Junior Golf Development Tips

Tee BoxPlayer Development: It’s a Matter of Skill & Time

As parents, we understand that many things happen during a golf round.  We see the great shots and errant shots and sometimes shake our head and say, “why did that just happen?”  Golf shots are just as much mental, as they are physical.  Thank you to Matt Cuccaro for his thoughts and insight into this area.

It’s quite obvious that player development is based on building skill over time. The more an individual works at something, the more skills are developed. As skills are passionately pursued throughout a significant timeframe, expert performance appears.  Yet, it can be difficult to maintain this perspective on a daily basis – especially around tournament time. As competition nears, other ideas seem to bubble to the surface:

How many points is this tournament worth?   Who is in the field?  What’s the winning score going to be?

Although these thoughts are exciting to consider, they also tend to become a distraction to performance. The more distractions that arise against the player development mindset, the less attention an individual has to focus on the task at hand; and distracted is not a mindset which is synonymous with success.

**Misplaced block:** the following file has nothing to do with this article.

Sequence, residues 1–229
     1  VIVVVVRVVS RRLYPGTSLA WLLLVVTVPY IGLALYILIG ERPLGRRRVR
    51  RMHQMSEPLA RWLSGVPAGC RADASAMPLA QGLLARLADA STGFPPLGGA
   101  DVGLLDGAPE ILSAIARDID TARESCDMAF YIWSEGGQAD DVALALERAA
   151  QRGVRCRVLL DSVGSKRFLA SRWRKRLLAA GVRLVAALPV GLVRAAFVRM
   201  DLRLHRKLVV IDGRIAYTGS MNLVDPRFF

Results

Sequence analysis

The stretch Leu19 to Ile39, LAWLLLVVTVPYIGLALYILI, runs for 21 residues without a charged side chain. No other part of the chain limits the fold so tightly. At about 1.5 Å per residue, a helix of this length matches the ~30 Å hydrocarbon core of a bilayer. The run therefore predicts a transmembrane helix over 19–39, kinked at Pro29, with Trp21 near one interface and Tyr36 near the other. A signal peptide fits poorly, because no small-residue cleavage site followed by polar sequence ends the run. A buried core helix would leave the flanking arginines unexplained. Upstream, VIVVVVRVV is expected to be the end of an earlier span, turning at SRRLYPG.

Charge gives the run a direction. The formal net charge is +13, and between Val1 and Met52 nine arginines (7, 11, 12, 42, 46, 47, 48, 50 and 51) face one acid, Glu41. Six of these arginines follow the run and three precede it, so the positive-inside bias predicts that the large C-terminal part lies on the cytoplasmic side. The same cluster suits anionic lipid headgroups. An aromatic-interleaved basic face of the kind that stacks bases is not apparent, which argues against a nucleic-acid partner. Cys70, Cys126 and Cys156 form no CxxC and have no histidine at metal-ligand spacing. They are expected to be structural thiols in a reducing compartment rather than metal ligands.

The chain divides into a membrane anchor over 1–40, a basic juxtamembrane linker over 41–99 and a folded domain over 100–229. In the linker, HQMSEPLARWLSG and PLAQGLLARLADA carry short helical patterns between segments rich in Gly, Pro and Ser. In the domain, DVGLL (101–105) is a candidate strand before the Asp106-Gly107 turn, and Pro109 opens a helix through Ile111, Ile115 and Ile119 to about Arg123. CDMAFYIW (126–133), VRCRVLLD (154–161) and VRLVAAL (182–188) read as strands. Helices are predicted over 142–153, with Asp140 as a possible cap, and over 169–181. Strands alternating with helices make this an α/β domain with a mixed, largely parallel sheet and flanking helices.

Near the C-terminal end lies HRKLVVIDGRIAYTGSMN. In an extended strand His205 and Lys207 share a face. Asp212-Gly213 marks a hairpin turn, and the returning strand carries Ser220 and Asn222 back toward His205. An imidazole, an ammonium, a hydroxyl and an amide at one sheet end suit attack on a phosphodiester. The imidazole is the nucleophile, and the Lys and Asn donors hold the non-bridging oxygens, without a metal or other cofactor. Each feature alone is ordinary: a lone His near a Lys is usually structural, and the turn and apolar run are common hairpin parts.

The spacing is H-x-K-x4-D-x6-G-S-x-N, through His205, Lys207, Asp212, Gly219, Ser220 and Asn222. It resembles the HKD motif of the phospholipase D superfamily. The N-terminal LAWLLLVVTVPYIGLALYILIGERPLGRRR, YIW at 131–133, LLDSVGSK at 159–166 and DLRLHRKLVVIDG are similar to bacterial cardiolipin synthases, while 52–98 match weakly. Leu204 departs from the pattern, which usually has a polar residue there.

Throughout training:

Golfers don’t practice making birdies, they practice making smooth swings.

Golfers don’t practice shooting 4-under par, they practice staying target focused.

Golfers don’t practice getting recruited by a college or turning pro, they practice patience.

If distracting ideas start taking over (make birdie, shoot 4-under, get recruited) especially around tournament time, unreliable results are likely to follow. Discussions based on short-sighted results breed a mindset linked to distracted performance, frustration, lackluster effort and potential  burnout.

Parents, coaches and athletes who reinforce a player development mindset (Skill + Time = Success) seek long-term growth and build healthy competitors as a result. These individuals see competition as an opportunity to exhibit skills (smooth swings, target focus and patience) and test personal limits. When skills continue to remain a top priority throughout training and competition, consistent results unfold. As individuals consistently take part in dialogue filled with themes of player development, birdies happen, scores drop and barriers continue to be broken.

 Matt Cuccaro has over a decade of experience working with athletes, coaches, parents and administrators on the mental aspects of high performance. He has served as Director of Mental Training for Junior Sports Corporation (International Junior Golf Academy and Ivan Lendl International Junior Tennis Academy) in Hilton Head Island, South Carolina since 2006. Most recently, Matt joined Telos Sport Psychology Coaching where he consults with businesses and athletes to assist them in reaching their potential. His clients range from juniors to the highest levels of professional sport. Follow Matt on Twitter: @MentalCoachMatt or contact him via e-mail: matt@telos-spc.com for further information.

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